St. Patrick's Day Vocabulary: Words With Irish and Gaelic Roots

March 8, 2016
St. Patrick's Day is celebrated on March 17th, but you won't find the words shamrock or leprechaun on this list. Learn these lesser-known words associated with Ireland. Some have Gaelic and Irish roots, and some are words related to Irish culture and history. For more lingo related to the Emerald Isle, read the article: Beyond Shamrocks and Leprechauns
A potato blight in Ireland in the 1840s caused the failure of the food crop that was a main food source for nearly 40% of the population.
"I'd care more about a blight in the potatoes than for all the politics in Europe."
From bogach, which comes from the adjective bog meaning "soft and moist"
The weather has turned against us, and the plains, covered with snow two days ago, have turned to a swampy, shoe-sucking mud bog.
From an English name, one Captain Charles C. Boycott, who refused to lower rents on Irish tenant farmers and was opposed by the Irish Land League in the late 19th Century.
A Roman Catholic bishop in the Philippines this week urged the faithful to boycott Madonna's shows over her "suggestive" performance and "vulgar" clothes.
The word comes from the Gaelic clann, "family" or "offspring," with the Latin root planta, "offshoot."
In the Kennedy clan, each older sibling was made guardian of a younger one.
Although the etymology of this word is disputed, one theory derives it from the Gaelic muigean, which means "disagreeable person".
Do something to improve yourself. Here’s a clue – moping around and being a curmudgeon doesn’t fall into this category.
Ireland is often referred to as the "Emerald Isle" because of its lush, green landscape.
"I want Ireland," he said, "I want emerald green."
The famine which devastated Ireland the mid-nineteenth century led to the mass emigration of Irish people.
Serious drought and barren soil led to waves of emigration throughout history.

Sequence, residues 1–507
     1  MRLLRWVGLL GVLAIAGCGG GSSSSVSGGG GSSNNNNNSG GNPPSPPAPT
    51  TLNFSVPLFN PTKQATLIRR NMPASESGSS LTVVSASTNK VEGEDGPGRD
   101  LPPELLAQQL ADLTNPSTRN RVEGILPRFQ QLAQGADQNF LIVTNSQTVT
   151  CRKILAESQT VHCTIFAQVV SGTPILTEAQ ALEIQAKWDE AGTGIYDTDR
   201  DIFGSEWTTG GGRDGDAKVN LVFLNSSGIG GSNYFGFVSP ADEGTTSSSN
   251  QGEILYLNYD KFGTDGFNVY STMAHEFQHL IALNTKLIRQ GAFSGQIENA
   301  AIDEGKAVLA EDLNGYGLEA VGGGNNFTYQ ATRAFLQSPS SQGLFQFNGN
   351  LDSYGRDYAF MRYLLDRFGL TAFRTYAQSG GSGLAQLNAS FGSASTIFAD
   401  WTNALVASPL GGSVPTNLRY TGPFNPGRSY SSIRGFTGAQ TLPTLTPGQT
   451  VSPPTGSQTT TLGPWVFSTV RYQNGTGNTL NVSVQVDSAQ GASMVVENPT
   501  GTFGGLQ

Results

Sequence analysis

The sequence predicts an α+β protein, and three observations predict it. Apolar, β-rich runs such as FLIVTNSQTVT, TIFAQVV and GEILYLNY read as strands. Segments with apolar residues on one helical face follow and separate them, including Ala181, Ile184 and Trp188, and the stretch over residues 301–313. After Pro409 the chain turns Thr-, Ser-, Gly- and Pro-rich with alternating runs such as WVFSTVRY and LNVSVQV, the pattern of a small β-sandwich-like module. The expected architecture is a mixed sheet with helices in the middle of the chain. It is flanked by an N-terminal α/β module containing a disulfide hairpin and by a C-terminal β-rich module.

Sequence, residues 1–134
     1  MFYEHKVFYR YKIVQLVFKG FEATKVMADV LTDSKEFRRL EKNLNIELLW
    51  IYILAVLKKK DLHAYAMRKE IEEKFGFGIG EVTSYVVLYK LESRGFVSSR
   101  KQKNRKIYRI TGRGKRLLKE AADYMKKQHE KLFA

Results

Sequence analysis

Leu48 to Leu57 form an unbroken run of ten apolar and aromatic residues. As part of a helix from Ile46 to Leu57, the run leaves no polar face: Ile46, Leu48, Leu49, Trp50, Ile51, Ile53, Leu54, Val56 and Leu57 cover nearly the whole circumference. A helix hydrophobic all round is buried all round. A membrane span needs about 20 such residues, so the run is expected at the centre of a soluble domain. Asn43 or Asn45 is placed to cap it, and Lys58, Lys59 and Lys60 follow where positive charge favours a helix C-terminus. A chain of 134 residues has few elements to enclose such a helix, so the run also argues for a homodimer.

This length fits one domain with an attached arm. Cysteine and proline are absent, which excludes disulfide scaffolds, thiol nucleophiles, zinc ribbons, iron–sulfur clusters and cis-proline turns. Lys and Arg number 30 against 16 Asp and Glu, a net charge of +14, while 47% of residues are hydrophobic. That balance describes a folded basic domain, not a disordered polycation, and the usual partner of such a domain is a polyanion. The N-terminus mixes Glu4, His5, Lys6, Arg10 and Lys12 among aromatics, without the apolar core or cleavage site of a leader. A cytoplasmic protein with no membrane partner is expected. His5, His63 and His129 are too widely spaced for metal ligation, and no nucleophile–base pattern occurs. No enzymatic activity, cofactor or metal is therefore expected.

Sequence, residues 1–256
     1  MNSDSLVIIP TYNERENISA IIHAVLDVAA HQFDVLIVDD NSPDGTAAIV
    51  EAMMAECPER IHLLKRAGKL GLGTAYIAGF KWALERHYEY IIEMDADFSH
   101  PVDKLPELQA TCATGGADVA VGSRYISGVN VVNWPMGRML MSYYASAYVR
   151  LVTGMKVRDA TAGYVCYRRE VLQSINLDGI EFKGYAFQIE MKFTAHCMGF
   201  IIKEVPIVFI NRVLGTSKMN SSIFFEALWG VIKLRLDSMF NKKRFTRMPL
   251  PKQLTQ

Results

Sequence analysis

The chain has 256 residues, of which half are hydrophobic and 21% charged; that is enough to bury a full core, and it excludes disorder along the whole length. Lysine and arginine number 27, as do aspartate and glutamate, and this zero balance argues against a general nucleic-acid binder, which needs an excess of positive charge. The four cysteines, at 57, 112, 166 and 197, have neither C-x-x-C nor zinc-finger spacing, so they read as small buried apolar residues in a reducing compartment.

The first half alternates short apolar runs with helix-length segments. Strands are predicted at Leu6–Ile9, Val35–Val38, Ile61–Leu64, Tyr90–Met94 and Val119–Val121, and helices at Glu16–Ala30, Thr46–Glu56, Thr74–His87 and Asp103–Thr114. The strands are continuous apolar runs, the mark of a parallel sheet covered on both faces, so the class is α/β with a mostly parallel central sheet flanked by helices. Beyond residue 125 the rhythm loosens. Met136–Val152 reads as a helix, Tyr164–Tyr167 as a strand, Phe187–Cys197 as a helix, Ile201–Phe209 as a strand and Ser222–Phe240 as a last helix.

The Irish Famine, which occurred from 1845 - 1849, was the worst to occur in Europe in the 19th century.
And the growing influx of immigrants — even before the late-1840s famine in Ireland — was mortifying the city’s Protestant, Anglophile and nativist majority.
From Gaelic gleann, "mountain valley"
The four-mile path undulates through farms and foothills, into canopies of pines and magical green glens.
Probably from a form of the Irish surname "Houlihan."
All World Cup ticket holders are required to obtain a personalized fan-ID, allowing authorities to screen them and keep hooligans away from matches.
From Irish caoinim " I weep, wail, lament."
His keening caterwaul sounds as if he had flicked the ejector switch but forgotten to undo his seat belt.
The lilt a is form of traditional Irish folk music.
Their hits began with the lilting, keeningly romantic Linger, which reached the Top 10 in the US and Ireland, and No 14 in the UK.
The name of this five-line humorous verse is generally accepted as taken from County Limerick in Ireland.
An editor read through submissions for a St. Patrick’s Day limerick contest.
Ireland is has produced some of the greatest modern writers including James Joyce, Jonathan Swift and Anne Enright.
They may be incredible, grotesque, or funny, but they are never common-place: it is this uniqueness that is the great charm of ancient Irish literature.
Mutton stew is a traditional Irish dish made from mature lamb.
The sheep was killed, and produced excellent mutton—not fat indeed, but eatable.
Parades are held on March 17th to celebrate St. Patrick's Day.
From sluagh, " a host, a crowd, a multitude."
A slew of food delivery apps and startups have sprung up across the French capital in recent months, and they're impossible to miss.
Smiddereens, from smidirin, which is a form of smiodar, "fragment."
Scientists who tried managing energies of the necessary magnitude often ended up with equipment blown to smithereens and laboratories littered with glass shards.
Ultimately from Gaelic sprédh "cattle, wealth" from what would be plundered on a spree.
But the big driver of America’s five-day shopping spree that starts on Thanksgiving was the mobile phone, not the mall.
One theory of this words' origin derives it from Gaelic arrach, "specter, apparition".
“Don’t tell me you believe in myths of jinn and efrits and wraiths that kidnap children in the night?”

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